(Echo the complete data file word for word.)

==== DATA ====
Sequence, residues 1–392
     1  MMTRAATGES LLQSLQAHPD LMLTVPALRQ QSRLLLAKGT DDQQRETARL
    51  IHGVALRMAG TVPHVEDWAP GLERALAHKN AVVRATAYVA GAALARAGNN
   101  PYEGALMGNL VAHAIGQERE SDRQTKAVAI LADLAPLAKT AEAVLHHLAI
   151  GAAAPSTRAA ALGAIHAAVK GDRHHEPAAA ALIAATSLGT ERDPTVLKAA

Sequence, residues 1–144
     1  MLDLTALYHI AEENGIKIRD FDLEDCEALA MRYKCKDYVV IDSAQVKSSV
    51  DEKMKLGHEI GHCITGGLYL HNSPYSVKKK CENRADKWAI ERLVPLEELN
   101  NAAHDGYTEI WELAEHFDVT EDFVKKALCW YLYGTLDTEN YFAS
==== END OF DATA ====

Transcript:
Sequence, residues 1–392
     1  MMTRAATGES LLQSLQAHPD LMLTVPALRQ QSRLLLAKGT DDQQRETARL
    51  IHGVALRMAG TVPHVEDWAP GLERALAHKN AVVRATAYVA GAALARAGNN
   101  PYEGALMGNL VAHAIGQERE SDRQTKAVAI LADLAPLAKT AEAVLHHLAI
   151  GAAAPSTRAA ALGAIHAAVK GDRHHEPAAA ALIAATSLGT ERDPTVLKAA

Sequence, residues 1–144
     1  MLDLTALYHI AEENGIKIRD FDLEDCEALA MRYKCKDYVV IDSAQVKSSV
    51  DEKMKLGHEI GHCITGGLYL HNSPYSVKKK CENRADKWAI ERLVPLEELN
   101  NAAHDGYTEI WELAEHFDVT EDFVKKALCW YLYGTLDTEN YFAS